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Defining Living Labs

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Defining Living Labs

Within the living lab literature, there are a number of theorists that have set the scene when it comes to defining what living labs are. Lars Fuglsang and Anne Vorre Hansen from Roskilde University analyze in the Public Deliverable 5.1 ‘Report on cross-country comparison on existing innovation and living labs’, that most literature refers to either the definition by ENoLL; ‘Living Labs (LLs) are defined as user-centred, open innovation ecosystems based on systematic user co-creation approach, integrating research and innovation processes in real life communities and settings’ ( August 1, 2018), or to some of the definitions exposed in the table in the report you can find here.

Looking at these definitions, there are slight differences in weighing of e.g. the experimental aspect of living labs, on Information and Communication Technology (ICT) and technology development as primary or not and the use of partnerships over stakeholders. But in general, the living lab definitions are characterised by the notion of users, with co-creation or collaboration between diverse stakeholders and by being based in real-life settings.

As already stated previously, no specific definitions of living labs are used consistently in the literature. Instead, the literature as a whole describes different dimensions of living labs. Lars Fuglsang and Anne Vorre Hansen suggest that if we take the literature as a whole, it speaks of at least:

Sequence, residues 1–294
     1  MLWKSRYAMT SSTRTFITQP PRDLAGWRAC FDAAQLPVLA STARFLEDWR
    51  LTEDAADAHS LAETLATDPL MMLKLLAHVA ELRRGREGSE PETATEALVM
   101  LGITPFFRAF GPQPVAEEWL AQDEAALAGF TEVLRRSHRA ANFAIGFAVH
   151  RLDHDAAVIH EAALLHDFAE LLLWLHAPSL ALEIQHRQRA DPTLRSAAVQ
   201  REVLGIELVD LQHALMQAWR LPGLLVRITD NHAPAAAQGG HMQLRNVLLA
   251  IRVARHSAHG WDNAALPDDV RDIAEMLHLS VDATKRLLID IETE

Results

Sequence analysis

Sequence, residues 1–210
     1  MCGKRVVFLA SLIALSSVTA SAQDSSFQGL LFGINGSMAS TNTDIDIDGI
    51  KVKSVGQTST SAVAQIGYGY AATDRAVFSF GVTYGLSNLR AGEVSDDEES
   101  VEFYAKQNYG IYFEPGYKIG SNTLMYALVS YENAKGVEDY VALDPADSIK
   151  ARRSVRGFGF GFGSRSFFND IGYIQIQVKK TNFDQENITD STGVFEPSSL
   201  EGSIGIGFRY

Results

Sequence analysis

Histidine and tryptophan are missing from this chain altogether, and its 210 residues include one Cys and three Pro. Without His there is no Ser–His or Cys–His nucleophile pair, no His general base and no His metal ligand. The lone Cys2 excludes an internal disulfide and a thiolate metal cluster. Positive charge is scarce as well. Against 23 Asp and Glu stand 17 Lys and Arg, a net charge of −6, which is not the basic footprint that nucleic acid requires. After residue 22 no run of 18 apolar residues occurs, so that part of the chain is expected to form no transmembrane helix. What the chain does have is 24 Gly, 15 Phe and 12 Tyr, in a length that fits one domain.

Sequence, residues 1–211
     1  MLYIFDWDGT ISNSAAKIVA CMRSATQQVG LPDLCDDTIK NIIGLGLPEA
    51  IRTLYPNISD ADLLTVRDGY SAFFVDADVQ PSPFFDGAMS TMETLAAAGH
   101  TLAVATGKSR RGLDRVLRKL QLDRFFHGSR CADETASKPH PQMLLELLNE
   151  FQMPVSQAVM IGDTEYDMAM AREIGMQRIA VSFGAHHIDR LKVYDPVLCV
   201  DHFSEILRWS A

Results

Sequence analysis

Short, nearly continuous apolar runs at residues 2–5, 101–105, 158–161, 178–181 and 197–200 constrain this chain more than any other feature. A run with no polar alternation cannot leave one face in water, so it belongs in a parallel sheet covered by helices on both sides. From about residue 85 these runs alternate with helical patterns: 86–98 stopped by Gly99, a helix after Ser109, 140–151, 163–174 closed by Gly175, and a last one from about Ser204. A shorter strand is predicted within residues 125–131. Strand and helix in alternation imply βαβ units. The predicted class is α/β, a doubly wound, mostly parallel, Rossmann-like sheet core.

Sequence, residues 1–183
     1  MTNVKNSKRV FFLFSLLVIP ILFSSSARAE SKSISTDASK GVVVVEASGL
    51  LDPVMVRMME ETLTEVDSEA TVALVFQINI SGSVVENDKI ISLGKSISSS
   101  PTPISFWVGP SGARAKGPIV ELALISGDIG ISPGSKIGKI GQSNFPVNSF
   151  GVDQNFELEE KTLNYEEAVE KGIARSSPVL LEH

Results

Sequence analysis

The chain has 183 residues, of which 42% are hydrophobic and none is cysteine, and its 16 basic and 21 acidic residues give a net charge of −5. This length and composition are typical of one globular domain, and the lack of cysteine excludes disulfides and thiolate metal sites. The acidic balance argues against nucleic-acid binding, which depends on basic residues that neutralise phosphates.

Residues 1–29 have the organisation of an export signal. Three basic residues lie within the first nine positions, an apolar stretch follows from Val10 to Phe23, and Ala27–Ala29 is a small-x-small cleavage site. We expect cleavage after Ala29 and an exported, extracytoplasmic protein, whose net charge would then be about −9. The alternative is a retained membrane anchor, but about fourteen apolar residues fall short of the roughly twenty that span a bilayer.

• 4 different tasks that living labs can carry out, and
  • 3 types of living lab environments


The 4 identified tasks of living labs in the literature


1. Exposing and/or appropriating opportunities for public service development

The living lab is many times referred to as a place where end users are exposed to and test new technology. The literature also describes living labs as spaces where innovations are appropriated by end users (Ballon & Schuurman, 2015).


2. Co-creating services with stakeholders

Co-creation is about involving stakeholders, particularly end users in the innovation of technologies and services (Eriksson et al., 2005, Gascó, 2017). Through participation in living labs, user groups are meant to become involved in the development and testing of various outcomes, including new products, services, government and community systems, and new business models (Lahman et al. 2015). Users can be employees as well as receivers of a service, but living labs are also described as broader frameworks than just user-centred.


3. Co-researching with stakeholders

Living labs are not just about co-creation amongst stakeholders, but also about researchers co-researching innovation with stakeholders. It is stressed in several papers that researchers can be actively involved in living labs as initiators and facilitators of living labs (Gascó, 2017) since living labs are seen as researchable contexts for collaborative innovation.


4. Democratizing innovation

Some papers also see living labs in a context of democratisation. For example, Pelle Ehn and his colleagues refer to Malmö living lab as a project in which democratic, participatory design has been attempted (Björgvinsson et al. 2010). The target of these living lab activities includes urban planning and planning of public services. Living labs are here generally described as methods and platforms for the development of, and experimentation with, public services (Gascó 2017) and/or services in an urban planning context (e.g. Gatta et al. 2017).